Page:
This Wednesday in Arizona, Republican Party nominee Donald Trump will give a speech outlining his evolving views on immigration policy. While Trump has long advocated for the deportation of the 11 million immigrants who are illegally living in the U.S. today, he has recently signaled that he may softened this position. New PRRI analysis gives insight into why: rank and file Republicans’ immigration policy preferences are decidedly more pragmatic than ideological. In short, among Republicans as a whole, concerns about the negative impact of immigrants does not translate into support for deportation.
When Trump raises concerns about the negative impact of immigrants, he is expressing views that are widely shared not only among his primary supporters but among Republicans overall. Republicans are significantly more pessimistic about immigrants’ contributions than independents or Democrats, with roughly two-thirds (65 percent) saying immigrants constitute a burden on the country because they take jobs, housing, and health care.
However, when questioned about immigration policy solutions, Republicans overall opt for more measured positions. When asked how the immigration system should deal with immigrants who are currently living in the U.S. illegally, only about three in ten (29 percent) Republicans say the immigration system should identify and deport them, compared to seven in ten who say they should be allowed some legal status, including nearly half (49 percent) who say we should allow them a way to become citizens provided they meet certain requirements, and 22 percent who say they should be allowed to become permanent legal residents but not citizens. Notably, Trump primary supporters are significantly more likely than Republicans overall to favor the deportation option (41 percent vs. 29 percent, respectively), although even among Trump supporters support for deportation does not reach a majority.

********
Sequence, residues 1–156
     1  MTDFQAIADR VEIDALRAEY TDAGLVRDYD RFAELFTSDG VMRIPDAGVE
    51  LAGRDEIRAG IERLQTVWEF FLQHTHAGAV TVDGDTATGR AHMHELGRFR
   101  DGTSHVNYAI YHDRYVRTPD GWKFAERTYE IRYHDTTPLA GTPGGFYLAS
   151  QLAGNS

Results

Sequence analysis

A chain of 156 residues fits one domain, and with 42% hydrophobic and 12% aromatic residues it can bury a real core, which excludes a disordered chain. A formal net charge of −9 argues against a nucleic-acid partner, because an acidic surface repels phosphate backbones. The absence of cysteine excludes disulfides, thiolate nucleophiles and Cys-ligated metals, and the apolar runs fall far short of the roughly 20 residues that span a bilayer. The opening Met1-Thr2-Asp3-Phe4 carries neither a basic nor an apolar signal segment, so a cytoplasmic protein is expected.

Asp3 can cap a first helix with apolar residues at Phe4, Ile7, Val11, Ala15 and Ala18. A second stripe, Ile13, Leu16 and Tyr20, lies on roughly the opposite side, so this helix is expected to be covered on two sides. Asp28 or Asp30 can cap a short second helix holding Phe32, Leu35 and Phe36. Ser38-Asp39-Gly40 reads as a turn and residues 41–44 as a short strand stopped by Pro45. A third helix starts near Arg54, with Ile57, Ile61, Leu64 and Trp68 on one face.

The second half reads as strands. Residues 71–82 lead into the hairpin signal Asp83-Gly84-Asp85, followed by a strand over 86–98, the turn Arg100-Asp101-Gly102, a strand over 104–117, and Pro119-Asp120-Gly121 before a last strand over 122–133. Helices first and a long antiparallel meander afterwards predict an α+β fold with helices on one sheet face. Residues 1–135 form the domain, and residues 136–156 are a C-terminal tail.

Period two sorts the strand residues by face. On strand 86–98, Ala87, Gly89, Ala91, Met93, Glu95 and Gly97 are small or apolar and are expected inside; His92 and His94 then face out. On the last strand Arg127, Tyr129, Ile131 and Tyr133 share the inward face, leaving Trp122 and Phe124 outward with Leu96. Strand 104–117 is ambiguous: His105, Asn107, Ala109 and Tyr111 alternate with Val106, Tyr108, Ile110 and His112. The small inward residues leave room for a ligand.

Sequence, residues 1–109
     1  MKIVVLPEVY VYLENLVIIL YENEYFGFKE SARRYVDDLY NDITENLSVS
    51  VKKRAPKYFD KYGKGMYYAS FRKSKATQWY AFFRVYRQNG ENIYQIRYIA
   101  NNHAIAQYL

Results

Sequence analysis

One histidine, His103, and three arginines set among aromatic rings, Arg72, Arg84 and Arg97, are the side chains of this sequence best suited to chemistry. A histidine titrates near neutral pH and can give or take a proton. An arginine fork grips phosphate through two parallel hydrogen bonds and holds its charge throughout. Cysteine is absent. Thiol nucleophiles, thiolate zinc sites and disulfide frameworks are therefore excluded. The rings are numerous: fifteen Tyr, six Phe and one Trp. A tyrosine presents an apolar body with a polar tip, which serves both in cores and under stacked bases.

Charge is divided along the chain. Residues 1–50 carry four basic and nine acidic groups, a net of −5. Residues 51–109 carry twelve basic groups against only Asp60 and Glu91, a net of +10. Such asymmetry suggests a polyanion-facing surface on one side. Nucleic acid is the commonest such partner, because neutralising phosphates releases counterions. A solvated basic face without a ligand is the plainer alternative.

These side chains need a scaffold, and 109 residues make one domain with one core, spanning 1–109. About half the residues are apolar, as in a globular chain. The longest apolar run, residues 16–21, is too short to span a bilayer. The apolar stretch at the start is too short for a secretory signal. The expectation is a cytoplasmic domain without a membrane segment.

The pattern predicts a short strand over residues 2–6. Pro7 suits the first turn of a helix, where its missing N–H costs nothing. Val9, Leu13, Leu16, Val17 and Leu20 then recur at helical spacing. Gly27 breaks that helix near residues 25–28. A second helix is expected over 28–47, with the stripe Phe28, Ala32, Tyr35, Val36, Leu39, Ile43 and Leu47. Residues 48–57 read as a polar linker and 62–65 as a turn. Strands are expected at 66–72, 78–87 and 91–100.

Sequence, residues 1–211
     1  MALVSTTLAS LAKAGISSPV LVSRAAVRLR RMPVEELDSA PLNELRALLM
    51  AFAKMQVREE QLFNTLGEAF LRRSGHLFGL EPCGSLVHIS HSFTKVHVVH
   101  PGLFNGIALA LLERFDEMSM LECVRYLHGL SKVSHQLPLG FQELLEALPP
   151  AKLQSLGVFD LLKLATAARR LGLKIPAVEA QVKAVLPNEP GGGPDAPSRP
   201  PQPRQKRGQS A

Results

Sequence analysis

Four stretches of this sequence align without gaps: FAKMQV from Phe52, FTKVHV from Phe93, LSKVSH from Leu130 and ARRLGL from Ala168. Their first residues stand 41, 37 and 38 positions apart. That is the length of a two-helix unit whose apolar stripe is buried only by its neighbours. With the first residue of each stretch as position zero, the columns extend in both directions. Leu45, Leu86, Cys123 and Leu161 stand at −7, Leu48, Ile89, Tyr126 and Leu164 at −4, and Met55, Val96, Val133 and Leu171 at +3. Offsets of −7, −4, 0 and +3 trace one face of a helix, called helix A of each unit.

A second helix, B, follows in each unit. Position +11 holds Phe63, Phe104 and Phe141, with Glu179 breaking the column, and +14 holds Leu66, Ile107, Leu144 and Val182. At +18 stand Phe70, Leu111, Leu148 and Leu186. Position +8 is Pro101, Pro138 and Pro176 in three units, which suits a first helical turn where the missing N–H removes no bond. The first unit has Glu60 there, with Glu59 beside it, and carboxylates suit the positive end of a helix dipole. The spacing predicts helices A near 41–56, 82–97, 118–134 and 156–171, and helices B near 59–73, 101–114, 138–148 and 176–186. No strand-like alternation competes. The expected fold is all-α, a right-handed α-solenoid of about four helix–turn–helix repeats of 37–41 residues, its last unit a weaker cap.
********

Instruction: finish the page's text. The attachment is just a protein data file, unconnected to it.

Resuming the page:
The key to understanding the apparent tension between these numbers is that rank and file Republicans seem to recognize the challenges a policy of mass deportation would face. Nearly seven in ten (68 percent) Republicans, along with similar numbers of the general population (70 percent), say it would be “very difficult” to deport all the immigrants living in the U.S. illegally.
For more, see the PRRI/Brookings immigration survey report.